Now, you’d think, why would he fly into a rage? People’s lives have been saved. What difference does it make? But Tenet was determined that this interrogation be considered to be a CIA operation. So he’s to have dispatched one of his myrmidons to try to find somebody to interrogate Abu Zubaydah who was from the CIA. And in almost laughable fashion, this guy goes to his lawyer who says, “Well I think my wife knows somebody.” And the person his wife knew happened to be a guy named James Mitchell, a contractor that they had hired to analyze some pamphlet. They sent him on the next plane to Thailand and he became the inventor of the CIA’s torture program.
And so there’s this guy who seems the most to me like some sort of Coen Brothers character or something. Where did they find this guy, James Mitchell?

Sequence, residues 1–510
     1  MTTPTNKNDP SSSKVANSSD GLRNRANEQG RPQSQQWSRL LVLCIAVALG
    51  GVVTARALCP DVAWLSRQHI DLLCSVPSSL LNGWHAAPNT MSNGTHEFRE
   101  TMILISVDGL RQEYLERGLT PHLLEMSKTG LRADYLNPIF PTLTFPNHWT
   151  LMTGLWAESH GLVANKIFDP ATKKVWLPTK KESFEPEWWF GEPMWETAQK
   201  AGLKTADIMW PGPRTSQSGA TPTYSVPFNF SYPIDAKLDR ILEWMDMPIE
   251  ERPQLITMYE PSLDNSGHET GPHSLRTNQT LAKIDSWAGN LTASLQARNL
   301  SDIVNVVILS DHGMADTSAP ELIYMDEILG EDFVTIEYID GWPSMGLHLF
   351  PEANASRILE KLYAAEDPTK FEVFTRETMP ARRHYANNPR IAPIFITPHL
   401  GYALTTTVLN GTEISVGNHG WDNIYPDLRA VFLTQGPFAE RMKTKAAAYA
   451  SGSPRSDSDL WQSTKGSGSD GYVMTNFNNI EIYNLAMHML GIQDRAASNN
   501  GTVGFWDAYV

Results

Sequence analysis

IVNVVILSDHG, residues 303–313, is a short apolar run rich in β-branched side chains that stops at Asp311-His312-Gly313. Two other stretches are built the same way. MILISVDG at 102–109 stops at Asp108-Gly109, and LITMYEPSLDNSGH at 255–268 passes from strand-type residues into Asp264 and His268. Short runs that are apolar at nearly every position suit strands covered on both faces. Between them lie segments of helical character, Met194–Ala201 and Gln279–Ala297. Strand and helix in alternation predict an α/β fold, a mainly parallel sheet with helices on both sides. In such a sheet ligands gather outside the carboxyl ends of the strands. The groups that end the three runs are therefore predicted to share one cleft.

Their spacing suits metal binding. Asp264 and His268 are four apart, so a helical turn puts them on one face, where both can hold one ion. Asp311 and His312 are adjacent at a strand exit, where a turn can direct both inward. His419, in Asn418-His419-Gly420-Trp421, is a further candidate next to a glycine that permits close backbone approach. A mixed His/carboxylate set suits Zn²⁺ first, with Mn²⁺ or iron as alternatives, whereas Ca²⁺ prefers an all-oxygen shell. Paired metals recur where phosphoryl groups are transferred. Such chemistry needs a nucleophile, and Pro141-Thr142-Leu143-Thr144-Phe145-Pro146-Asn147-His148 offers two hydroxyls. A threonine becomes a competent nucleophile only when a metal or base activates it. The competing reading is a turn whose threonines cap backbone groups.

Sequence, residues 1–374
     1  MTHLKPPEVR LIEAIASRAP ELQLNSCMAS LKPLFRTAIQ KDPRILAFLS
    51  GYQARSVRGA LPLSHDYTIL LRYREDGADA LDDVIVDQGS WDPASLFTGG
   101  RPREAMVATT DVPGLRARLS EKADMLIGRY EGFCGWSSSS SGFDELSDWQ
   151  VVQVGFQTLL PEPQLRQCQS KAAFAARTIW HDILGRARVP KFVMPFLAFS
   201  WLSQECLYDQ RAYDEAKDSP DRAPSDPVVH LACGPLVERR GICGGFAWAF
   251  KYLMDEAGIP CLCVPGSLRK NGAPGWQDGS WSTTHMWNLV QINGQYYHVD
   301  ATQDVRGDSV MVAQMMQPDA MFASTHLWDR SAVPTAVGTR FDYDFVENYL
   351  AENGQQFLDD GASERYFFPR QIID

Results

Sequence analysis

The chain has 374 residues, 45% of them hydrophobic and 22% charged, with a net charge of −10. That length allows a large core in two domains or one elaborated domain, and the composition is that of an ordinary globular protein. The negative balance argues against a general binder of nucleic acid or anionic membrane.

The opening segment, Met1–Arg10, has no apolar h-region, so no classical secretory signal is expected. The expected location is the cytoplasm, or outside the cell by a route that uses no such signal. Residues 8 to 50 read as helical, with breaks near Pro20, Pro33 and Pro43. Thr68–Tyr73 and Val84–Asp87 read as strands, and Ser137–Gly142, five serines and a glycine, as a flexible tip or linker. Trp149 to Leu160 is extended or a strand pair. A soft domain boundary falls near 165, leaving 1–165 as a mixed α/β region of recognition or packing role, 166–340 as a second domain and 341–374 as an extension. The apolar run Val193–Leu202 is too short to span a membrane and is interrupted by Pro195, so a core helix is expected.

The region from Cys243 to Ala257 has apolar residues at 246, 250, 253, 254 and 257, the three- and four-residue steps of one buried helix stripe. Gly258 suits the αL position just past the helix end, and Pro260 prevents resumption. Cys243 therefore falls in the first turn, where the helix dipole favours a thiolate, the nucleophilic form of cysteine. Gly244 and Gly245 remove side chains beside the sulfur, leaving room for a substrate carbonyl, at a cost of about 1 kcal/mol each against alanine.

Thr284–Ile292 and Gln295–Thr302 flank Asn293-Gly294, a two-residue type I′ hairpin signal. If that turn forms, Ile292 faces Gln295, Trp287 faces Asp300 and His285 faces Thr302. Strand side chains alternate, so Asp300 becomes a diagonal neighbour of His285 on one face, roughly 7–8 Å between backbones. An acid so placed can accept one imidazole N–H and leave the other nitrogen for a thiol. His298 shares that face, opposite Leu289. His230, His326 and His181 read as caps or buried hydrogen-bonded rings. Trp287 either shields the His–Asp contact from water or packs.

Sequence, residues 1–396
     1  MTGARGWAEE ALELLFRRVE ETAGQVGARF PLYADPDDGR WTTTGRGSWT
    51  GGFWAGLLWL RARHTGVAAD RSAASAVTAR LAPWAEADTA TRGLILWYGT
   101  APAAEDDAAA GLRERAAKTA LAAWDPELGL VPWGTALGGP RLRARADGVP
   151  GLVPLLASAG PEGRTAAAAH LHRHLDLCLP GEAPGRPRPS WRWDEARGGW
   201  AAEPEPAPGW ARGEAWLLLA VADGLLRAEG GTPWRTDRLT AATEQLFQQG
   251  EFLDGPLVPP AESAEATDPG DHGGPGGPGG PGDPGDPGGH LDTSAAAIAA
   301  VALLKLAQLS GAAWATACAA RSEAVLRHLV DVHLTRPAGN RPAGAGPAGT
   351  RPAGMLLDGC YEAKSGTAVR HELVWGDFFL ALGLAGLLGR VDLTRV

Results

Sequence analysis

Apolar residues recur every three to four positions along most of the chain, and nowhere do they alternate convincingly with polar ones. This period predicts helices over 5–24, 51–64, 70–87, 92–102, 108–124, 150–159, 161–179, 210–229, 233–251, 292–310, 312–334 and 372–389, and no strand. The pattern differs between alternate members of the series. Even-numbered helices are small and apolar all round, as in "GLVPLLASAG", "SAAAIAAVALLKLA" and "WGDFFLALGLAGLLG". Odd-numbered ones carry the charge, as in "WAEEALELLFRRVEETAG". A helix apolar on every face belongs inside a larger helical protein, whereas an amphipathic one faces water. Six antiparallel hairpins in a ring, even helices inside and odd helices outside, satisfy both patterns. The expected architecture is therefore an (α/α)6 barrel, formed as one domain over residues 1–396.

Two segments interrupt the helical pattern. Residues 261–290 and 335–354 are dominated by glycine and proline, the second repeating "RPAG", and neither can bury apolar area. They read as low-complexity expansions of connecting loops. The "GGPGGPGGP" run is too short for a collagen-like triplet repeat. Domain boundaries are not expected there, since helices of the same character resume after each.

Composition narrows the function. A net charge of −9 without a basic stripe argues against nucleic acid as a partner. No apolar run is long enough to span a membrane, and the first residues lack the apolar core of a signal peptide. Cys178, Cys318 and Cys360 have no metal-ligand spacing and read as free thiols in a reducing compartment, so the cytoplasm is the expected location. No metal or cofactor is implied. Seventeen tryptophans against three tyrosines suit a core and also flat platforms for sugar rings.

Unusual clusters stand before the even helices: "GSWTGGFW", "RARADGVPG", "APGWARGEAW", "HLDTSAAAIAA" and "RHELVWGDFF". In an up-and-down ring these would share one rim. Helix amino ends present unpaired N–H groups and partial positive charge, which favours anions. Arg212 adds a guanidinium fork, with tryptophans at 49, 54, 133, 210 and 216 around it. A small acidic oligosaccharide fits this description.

Well, James Mitchell was a psychologist and indeed elite in his field, he was a very accomplished man. He was a psychologist who had worked for many years at the Air Force SERE School. And SERE stands for survival, evasion, resistance and escape. It’s a program we put some soldiers through to help them learn how to escape if they’re captured, how to live off the land, if they need to. And also how to resist brutal interrogation techniques like waterboarding. So Mitchell, while he was an expert in that training program, had never done an interrogation. And he didn’t know very much about Al-Qaeda or Al-Qaeda-related groups, but nevertheless, the CIA decided to put him in charge of this interrogation program, or at least to design these techniques, which were kind of retrofitting the SERE program from a resistance program into an interrogation program.